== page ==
4. Gods Plan of Salvation as Exemplified in Acts 9
by Dave Brown
We left off in Article 3 with the conversion of the Ethiopian eunuch. Let's pick it up from there. After Acts 8 the primary player changes from Phillip to Saul of Tarsus, who later on became known by his Greek name, Paul (Luke first called Saul by this name in Acts 13:9, when Paul was on his first missionary journey).
Paul was not converted on the road to Damascus, as many people teach. Jesus just got his attention in that event; his actual conversion took place in Damascus itself. Let’s verify this by the text.
3 And as he journeyed, he came near Damascus: and suddenly there shined round about him a light from heaven:
4 And he fell to the earth, and heard a voice saying unto him, Saul, Saul, why do you persecute me?
5 And he said, Who art thou, Lord? And the Lord said, I am Jesus whom you persecute: [it is] hard for thee to kick against the pricks. And he trembling and astonished said, Lord, what wilt thou have me to do?
6 And the Lord [said] unto him, Arise, and go into the city, and it shall be told thee what thou must do.”
From this point forward there was really not anything miraculous as far as Paul's receiving the truth and obeying it. The plan of salvation was taught to him by a man, as is true of all other conversions recorded in the New Testament.
It is true that God staged the event miraculously. Ananias saw a vision to lead him to Paul, which was necessary in order to bring the two of them together. Also, Paul was informed of this in a vision (9:12), and Paul did receive his sight back miraculously. But, as far as learning the plan of salvation itself, and Paul’s response to it, that is totally consistent with all other conversions. It was up to Paul to either obey of reject the gospel of Jesus Christ.
The interaction of the Jesus with Ananias is recorded in Acts 9:10-16, and we encourage you to read that.
The actual conversion is recorded quite simply in Acts 9:17-20: “And Ananias went his way, and entered into the house; and putting his hands on him said, Brother Saul, the Lord, Jesus, that appeared unto thee in the way as you came, hath sent me, that you might receive your sight, and be filled with the Holy Spirit. And immediately there fell from his eyes as it had been scales: and he received sight forthwith, and arose, and was baptized. And when he had received meat, he was strengthened. Then was Saul certain days with the disciples which were at Damascus. And straightway he preached Christ in the synagogues, that he is the Son of God.”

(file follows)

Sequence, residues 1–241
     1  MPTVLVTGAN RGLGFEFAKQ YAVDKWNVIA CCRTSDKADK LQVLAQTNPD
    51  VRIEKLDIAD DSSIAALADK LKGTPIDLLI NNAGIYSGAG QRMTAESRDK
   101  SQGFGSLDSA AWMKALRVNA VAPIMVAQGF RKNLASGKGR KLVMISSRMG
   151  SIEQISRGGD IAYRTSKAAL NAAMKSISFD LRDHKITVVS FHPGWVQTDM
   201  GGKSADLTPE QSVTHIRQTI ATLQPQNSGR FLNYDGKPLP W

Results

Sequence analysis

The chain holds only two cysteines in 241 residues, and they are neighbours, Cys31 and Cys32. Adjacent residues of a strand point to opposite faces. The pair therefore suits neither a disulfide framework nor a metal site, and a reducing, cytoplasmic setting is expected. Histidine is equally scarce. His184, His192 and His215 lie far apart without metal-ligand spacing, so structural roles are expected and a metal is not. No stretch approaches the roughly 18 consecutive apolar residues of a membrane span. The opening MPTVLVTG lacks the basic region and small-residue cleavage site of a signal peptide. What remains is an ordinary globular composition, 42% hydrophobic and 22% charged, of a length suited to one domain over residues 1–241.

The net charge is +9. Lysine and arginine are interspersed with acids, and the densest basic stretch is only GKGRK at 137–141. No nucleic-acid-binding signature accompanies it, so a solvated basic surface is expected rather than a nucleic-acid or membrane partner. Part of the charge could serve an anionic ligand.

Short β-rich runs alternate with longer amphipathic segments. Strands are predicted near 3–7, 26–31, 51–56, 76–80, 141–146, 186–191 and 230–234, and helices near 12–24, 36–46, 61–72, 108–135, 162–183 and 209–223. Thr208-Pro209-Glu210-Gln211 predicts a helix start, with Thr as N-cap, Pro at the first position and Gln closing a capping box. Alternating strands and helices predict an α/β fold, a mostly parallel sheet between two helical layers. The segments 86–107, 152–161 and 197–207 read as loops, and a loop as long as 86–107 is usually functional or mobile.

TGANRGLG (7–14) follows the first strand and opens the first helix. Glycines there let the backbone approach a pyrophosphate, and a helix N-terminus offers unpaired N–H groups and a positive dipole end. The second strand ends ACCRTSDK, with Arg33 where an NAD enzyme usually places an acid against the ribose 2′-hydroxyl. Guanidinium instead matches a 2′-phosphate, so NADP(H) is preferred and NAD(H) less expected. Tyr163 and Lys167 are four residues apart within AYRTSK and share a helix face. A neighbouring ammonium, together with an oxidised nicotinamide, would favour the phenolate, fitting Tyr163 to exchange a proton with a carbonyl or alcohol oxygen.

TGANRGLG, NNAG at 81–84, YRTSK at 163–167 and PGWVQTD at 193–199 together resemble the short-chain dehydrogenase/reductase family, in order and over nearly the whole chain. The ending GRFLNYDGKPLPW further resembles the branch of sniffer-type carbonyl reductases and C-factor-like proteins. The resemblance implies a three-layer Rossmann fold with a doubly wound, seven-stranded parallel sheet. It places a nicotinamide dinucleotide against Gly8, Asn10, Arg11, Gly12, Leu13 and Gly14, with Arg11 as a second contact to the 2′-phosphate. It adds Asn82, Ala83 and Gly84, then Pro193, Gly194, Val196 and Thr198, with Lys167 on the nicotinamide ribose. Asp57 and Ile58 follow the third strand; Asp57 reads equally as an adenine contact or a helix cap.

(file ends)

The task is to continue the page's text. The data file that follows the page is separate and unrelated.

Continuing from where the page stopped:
Paul immediately started preaching – he did not need an ordination service or even any sanction from the apostles (see Galatians 1). It is the truth that saves, not being part of some organization. Those who are saved are added to the Lord's church (Acts 2:47; Romans 6), and they organize themselves scripturally into local churches. Paul was already an expert in the Old Testament scriptures (Acts 26:4-5), and once he saw how they all applied to Jesus, he was filled with the Holy Spirit and ready to teach that truth immediately.
Paul’s conversion is further elaborated by Paul himself in Acts 22 when he was giving one of his defenses.
Acts 22:12-16: “And one Ananias, a devout man according to the law, having a good report of all the Jews which dwelt [there], came unto me, and stood, and said unto me, ‘Brother Saul, receive thy sight.’ And in that same hour I looked up upon him. And he said, The God of our fathers hath chosen thee that thou should know his will, and see that Just One, and should hear the voice of his mouth. For thou shalt be his witness unto all men of what thou hast seen and heard. And now why tarriest thou? arise, and be baptized, and wash away thy sins, calling on the name of the Lord.”
So, as far as the conditions of salvation are concerned, Paul’s conversion was no different from all of the others. While the evidence that got his attention was certainly different, the commands that he obeyed were the same. He heard the truth, believed what he heard, repented of his sins (as is clear from the complete turn-around in his religious practice), and he was baptized to "wash away" his sins, i.e., for the remission of his sins, consistently with what is commanded in Acts 2:38. His willingness to confess his belief in Jesus was also obvious by his immediately preaching to his fellow Jews.
The differences in this conversion seem somewhat motivated by God's special calling of Paul to be an apostle. While he was diametrically opposed to the gospel prior to his conversion, it seems quite clear that Paul was still motivated by his zeal for God, and did what he did with a clear conscience (Acts 23:1), even when persecuting the church.
In the next article (#5) we will take up the next detailed cases of conversion, that of the first gentiles to be converted, which is described in Acts 10 and 11. If you have any questions, please: Contact Us
Go on to Lesson 5